Discover how the Centre for the New Workforce is developing learning and workplace wellbeing solutions that empower people and organisations in the exponential era through its research and findings.
Led by Dr Sean Gallagher, the Centre for the New Workforce (CNeW) is the only centre in Australia dedicated to developing learning and workplace wellbeing solutions for the future of work. We aim to empower people and organisations in a dynamic, technology-transforming world.
2022 Supplementary Report
Enabling Wellbeing through Flexible Work
Looking to implement effective flexible working practices that enable employee wellbeing? Our joint report with Deloitte provides practical guidance to organisations facing this complex challenge.
Making Fair Work FlexWork
Employees now want more than fair pay. Drive your hybrid working industrial relations strategy with world-class data from Swinburne Edge and Deloitte.
Hybrid Working in Australia
COVID-19 has impacted work and how we use the office. This report reveals the current experience of hybrid work and role the office could play in the future.
2021 industry briefing
Working to close Australia's skills gap: Lessons from abroad
By adopting lessons from overseas, Australia has an opportunity to accelerate skills growth and support greater collaboration across the public and private sectors.
Peak Human Workplace
In this unprecedented era, organisations must innovate to survive. Turn complex disruption into competitive advantage. Learn more about the peak human workplace.
2020 industry briefing
Closing Australia's Skills Gap
Many jobs are undergoing major changes due to advances in technology. New ways of work are emerging. Learn more about closing Australia’s skills gap.
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Thoughts of our researchers
Browse a collection of opinion pieces written by the CNeW team.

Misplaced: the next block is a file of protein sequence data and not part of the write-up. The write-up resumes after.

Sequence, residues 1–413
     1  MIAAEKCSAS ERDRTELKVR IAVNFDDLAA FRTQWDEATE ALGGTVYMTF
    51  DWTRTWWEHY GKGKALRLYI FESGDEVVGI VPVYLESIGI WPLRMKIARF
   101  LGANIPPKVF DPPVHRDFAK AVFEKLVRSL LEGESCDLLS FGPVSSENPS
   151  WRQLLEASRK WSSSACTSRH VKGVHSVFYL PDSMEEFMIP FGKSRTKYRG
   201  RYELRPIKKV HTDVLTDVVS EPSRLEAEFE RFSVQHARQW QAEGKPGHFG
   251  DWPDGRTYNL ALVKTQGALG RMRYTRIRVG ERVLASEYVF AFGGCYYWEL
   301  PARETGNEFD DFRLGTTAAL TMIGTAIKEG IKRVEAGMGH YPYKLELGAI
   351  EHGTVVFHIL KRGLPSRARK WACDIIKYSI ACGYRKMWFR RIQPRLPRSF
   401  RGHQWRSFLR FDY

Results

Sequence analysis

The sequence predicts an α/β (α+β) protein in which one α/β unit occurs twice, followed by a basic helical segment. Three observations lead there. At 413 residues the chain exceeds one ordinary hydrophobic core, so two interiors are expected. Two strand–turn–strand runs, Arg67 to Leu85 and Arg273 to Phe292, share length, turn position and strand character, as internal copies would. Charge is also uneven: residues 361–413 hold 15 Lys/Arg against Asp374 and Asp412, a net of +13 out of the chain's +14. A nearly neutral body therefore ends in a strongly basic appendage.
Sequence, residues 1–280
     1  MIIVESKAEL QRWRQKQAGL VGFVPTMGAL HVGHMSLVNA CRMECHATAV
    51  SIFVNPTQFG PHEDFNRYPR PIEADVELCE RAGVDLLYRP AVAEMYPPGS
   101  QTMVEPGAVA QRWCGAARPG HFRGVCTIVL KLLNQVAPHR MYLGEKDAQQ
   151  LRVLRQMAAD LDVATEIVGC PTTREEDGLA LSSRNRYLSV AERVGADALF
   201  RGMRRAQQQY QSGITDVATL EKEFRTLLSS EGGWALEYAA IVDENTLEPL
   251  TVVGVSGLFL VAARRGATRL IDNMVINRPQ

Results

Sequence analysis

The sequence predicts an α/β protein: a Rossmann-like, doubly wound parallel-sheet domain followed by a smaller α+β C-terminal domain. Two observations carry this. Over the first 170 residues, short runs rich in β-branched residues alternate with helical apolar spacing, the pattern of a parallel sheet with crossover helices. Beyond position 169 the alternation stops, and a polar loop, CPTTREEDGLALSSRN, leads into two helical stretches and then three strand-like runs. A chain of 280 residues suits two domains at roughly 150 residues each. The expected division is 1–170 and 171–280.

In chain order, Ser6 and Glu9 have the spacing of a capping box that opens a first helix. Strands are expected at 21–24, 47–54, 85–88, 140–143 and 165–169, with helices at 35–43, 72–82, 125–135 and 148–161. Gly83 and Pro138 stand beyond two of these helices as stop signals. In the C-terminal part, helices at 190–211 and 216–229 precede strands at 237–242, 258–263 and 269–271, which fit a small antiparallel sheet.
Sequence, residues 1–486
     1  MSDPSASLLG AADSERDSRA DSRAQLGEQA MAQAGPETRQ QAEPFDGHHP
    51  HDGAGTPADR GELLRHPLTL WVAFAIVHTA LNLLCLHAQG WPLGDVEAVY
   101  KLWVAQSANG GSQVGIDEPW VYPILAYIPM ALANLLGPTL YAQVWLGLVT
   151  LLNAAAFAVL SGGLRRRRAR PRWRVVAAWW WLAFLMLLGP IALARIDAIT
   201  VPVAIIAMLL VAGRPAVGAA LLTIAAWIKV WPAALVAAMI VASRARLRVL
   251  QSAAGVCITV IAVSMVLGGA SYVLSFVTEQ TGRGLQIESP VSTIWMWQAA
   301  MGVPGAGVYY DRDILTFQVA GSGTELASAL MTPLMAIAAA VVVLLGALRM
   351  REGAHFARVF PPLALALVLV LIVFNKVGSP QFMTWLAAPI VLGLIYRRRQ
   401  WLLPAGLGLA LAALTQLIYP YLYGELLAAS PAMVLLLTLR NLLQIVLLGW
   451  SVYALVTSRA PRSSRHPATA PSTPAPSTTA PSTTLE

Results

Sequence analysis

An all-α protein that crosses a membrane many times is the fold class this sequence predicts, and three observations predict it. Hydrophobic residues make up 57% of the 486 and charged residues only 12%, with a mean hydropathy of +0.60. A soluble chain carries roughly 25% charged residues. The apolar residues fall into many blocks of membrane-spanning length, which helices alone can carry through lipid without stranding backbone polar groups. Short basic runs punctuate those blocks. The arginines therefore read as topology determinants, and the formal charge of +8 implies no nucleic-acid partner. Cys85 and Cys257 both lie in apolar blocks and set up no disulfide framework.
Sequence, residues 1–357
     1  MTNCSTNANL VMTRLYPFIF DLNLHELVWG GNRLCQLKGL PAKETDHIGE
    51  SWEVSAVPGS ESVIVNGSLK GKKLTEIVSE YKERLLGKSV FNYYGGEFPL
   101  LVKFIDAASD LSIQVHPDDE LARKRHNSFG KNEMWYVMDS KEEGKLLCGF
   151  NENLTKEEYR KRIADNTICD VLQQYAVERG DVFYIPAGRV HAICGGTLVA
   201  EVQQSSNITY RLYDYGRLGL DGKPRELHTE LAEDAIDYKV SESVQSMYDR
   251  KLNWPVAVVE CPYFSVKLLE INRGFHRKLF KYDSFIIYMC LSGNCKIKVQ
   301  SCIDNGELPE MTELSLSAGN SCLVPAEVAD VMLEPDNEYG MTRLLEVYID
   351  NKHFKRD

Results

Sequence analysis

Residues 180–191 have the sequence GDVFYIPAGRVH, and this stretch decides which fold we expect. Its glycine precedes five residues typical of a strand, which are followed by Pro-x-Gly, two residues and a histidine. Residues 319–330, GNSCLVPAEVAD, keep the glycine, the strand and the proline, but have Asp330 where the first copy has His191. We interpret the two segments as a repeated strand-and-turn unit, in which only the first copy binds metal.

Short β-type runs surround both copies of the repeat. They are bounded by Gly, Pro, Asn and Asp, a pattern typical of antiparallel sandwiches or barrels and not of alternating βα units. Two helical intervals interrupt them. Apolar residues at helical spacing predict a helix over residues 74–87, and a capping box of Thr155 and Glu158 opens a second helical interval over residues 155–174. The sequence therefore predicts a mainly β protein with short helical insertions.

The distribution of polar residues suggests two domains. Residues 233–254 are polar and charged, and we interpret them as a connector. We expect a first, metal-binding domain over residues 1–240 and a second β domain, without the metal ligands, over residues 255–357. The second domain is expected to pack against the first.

What If coronavirus and Captain Sully are future of work signals?
Whether the marvel of the “Miracle on the Hudson” or the catastrophe of the coronavirus COVID-19 global pandemic, both of these stories illustrate the power of the facet of tacit knowledge, known as a heuristic, in a rapid response scenario.
What do the Australian fires illuminate about the future of work?
The devastating Australian wildfires that have burned 27 million acres, killed nearly 1 billion animals and produced 8 months' worth of man-made carbon are irrefutably the result of climate change.
Competitive advantage in the exponential era
In a rapidly changing world, much of the new knowledge comes in the form of tacit knowledge. And it is even more important in the exponential era with rapidly accelerating technologies. Why? Tacit approaches can create new value for companies faster.
Work experience on digital platforms
As part of his call for business to join “Team Australia’’ during the coronavirus-induced economic crisis, Scott Morrison appealed to industry leaders to “take the opportunity to invest in the skills of your workforce”.
Students need digital immersion
How do we prepare students for the digital economy? Digital skills cannot simply be an add-on to a traditional university education structured to serve the knowledge economy. Learning must be constructed around the emerging futures of work in the digital economy.
The future of work
Sophisticated artificial intelligence and digital technologies are already changing jobs, impacting work and transforming industries.
The Centre for the New Workforce places people at the heart of the future of work.
The future of work is emerging in at least three different ways:
Platform transformation – how digital platforms are transforming work by disconnecting it from jobs, e.g. “expertise as a service” in the gig and freelance economies.
Organisational transformation – how organisations are restructuring themselves, e.g. corporate agile approaches.
Digital transformation – how digital technologies are transforming the way we create value, e.g. Industry 4.0.